Don is the editor of Thirst magazine.
Trickery, veiled threats and sly insults aren't what you'd normally expect at a tasting, but malt whisky tastings in Auckland do tend to be different.
I sat in on a marvellous one recently at the Elliott Apartments boardroom. Wild claims were made, legend presented as fact and in the end bribery won the day. If only all tastings were this much fun.
The tasting was organised by Bart Burgers from the Whisky Shop and the basis for the tasting was a competition to see which Islay distillery - Ardbeg, Laphroaig or Lagavulin - was the best.
It was a close-run thing. The three Ardbegs - 10 years old, the Airigh Nam Beist ("Release the beast" in Gaelic) and the Renaissance - provided a symphony of strength, power and finesse, all in the classic oily, iodine-rich Islay style.
The Laphroaig, in 10 years old, quarter cask and Cairdeas (friendship) expressions, had subtlety and strength, massive firepower and an easy-going bonhomie, respectively.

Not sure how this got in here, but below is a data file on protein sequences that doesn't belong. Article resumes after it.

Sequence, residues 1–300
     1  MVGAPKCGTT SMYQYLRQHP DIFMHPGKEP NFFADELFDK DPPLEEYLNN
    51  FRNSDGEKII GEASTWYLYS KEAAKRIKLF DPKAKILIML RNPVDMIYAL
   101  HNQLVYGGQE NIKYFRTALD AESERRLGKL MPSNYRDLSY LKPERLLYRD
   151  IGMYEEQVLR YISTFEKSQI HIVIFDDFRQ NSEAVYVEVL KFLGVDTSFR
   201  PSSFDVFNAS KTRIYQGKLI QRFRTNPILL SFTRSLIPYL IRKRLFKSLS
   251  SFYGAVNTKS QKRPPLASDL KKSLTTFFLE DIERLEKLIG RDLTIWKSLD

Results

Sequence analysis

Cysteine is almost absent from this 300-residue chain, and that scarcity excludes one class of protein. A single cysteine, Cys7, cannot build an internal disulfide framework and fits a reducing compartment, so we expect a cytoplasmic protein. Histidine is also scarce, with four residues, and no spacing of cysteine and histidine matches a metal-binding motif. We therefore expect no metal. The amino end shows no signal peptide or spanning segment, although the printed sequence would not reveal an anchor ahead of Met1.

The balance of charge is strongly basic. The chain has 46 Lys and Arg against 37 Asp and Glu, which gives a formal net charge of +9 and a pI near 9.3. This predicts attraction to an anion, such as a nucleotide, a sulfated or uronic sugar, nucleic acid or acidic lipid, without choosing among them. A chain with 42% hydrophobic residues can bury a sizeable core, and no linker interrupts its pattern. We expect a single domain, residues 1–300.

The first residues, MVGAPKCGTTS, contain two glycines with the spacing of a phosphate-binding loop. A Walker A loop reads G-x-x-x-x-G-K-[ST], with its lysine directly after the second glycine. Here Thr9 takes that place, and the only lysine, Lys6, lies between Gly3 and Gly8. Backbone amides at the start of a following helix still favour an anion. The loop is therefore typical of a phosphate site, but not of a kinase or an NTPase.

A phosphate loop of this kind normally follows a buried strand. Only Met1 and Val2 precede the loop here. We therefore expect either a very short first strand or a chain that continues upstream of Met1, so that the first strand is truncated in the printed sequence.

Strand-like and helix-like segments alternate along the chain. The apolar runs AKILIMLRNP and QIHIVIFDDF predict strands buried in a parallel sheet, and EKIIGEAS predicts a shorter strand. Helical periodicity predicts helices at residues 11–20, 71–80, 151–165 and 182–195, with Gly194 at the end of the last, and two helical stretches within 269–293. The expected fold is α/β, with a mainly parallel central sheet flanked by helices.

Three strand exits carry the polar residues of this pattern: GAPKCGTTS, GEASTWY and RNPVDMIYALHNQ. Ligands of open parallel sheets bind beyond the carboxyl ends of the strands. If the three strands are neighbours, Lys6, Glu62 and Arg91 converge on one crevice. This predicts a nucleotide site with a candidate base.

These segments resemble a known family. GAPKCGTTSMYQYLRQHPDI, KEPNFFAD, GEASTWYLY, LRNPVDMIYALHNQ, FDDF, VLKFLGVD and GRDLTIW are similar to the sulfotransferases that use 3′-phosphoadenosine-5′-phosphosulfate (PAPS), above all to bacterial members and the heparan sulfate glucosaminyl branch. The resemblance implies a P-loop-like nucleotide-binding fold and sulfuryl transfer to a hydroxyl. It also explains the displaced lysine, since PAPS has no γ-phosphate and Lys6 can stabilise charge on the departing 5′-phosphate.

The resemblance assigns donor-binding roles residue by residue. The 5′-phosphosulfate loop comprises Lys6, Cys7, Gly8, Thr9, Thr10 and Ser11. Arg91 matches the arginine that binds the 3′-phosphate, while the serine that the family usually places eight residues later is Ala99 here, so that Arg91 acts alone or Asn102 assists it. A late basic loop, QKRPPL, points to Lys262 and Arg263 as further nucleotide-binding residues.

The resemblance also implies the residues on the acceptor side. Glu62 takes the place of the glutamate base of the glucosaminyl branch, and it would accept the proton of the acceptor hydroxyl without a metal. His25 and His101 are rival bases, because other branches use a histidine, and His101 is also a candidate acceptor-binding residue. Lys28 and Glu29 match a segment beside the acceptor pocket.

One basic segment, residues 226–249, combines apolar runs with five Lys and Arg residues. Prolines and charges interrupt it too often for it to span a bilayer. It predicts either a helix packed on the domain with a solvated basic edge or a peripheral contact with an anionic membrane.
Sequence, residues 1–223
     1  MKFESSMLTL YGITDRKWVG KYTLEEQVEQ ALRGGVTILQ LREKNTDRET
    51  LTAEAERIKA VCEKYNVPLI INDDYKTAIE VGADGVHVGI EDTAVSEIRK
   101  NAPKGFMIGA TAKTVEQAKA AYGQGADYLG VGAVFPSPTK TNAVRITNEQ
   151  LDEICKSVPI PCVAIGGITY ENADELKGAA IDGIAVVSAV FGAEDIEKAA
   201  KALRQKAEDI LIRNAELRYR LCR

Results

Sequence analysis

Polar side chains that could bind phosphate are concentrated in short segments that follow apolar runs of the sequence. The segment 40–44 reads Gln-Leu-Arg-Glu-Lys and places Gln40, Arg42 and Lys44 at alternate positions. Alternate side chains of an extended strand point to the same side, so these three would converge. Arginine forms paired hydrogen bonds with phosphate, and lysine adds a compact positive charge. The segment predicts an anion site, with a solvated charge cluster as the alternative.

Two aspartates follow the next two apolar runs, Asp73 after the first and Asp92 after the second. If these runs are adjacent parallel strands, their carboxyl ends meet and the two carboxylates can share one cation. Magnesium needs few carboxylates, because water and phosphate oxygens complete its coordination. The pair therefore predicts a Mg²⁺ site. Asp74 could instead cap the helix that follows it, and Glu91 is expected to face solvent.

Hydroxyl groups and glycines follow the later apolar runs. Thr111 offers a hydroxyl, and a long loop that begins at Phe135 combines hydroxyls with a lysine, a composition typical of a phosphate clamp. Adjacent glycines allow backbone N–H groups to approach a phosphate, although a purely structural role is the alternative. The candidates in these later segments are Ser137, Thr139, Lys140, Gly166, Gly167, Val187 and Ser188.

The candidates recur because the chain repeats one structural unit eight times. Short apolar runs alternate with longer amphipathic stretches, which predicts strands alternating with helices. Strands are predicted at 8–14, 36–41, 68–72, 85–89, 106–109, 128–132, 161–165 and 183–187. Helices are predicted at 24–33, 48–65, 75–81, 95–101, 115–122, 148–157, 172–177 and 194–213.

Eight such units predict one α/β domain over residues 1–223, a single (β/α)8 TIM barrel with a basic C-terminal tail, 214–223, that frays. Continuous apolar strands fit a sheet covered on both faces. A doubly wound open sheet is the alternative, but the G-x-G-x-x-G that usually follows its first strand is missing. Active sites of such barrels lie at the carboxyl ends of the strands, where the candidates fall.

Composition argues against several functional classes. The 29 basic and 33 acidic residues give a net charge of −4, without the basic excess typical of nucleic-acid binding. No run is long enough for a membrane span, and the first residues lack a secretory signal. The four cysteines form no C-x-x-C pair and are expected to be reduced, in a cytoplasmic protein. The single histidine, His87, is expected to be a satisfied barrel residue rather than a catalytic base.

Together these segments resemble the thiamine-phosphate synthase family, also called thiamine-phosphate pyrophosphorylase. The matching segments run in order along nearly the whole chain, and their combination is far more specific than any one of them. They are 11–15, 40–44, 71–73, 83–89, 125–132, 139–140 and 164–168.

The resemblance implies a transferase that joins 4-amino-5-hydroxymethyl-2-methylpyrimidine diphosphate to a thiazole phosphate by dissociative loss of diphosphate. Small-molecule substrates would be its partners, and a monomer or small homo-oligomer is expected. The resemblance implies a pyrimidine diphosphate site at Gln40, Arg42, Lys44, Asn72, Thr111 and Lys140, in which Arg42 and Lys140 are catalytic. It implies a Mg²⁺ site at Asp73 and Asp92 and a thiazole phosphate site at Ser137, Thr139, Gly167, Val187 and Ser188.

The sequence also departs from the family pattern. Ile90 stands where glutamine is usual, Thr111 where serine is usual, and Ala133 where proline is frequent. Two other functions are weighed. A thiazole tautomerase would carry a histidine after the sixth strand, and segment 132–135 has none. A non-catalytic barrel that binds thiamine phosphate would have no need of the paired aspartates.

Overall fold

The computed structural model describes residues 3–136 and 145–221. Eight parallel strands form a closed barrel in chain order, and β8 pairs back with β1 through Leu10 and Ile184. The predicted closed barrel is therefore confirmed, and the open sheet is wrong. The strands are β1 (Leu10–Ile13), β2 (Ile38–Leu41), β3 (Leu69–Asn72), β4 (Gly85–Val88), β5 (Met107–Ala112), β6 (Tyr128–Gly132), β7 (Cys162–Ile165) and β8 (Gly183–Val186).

It was the Lagavulin that stole the show for me, mostly because its presenter, Frankie Walker, effectively bribed the audience by producing a bottle of the limited-release Distiller's Edition, a veritable opera of a whisky, packed with drama, passion, music and, well, iodine, that isn't even available here.
It was a marvellous piece of theatre, with the brilliant addition of nine spectacularly great whiskies. Can't wait for the next one.
Ardbeg 10 years old
Steely, austere and straight-backed, like a Scots Guardsman, Ardbeg starts off with sweet cereal and pepper aromas before opening into sweet, herbal notes. On the palate, it's dry and reeking of turf smoke, followed by fruit and cereal notes. Beautiful whisky.
Laphroaig 10 years old
If doing the simple things well is a recipe for success, Laphroaig has got it made. This has a lovely clean nose with more than a whiff of iodine, backed up with pepper and spice notes. Full, smooth and long in the mouth, with a lovely complex finish that lingers.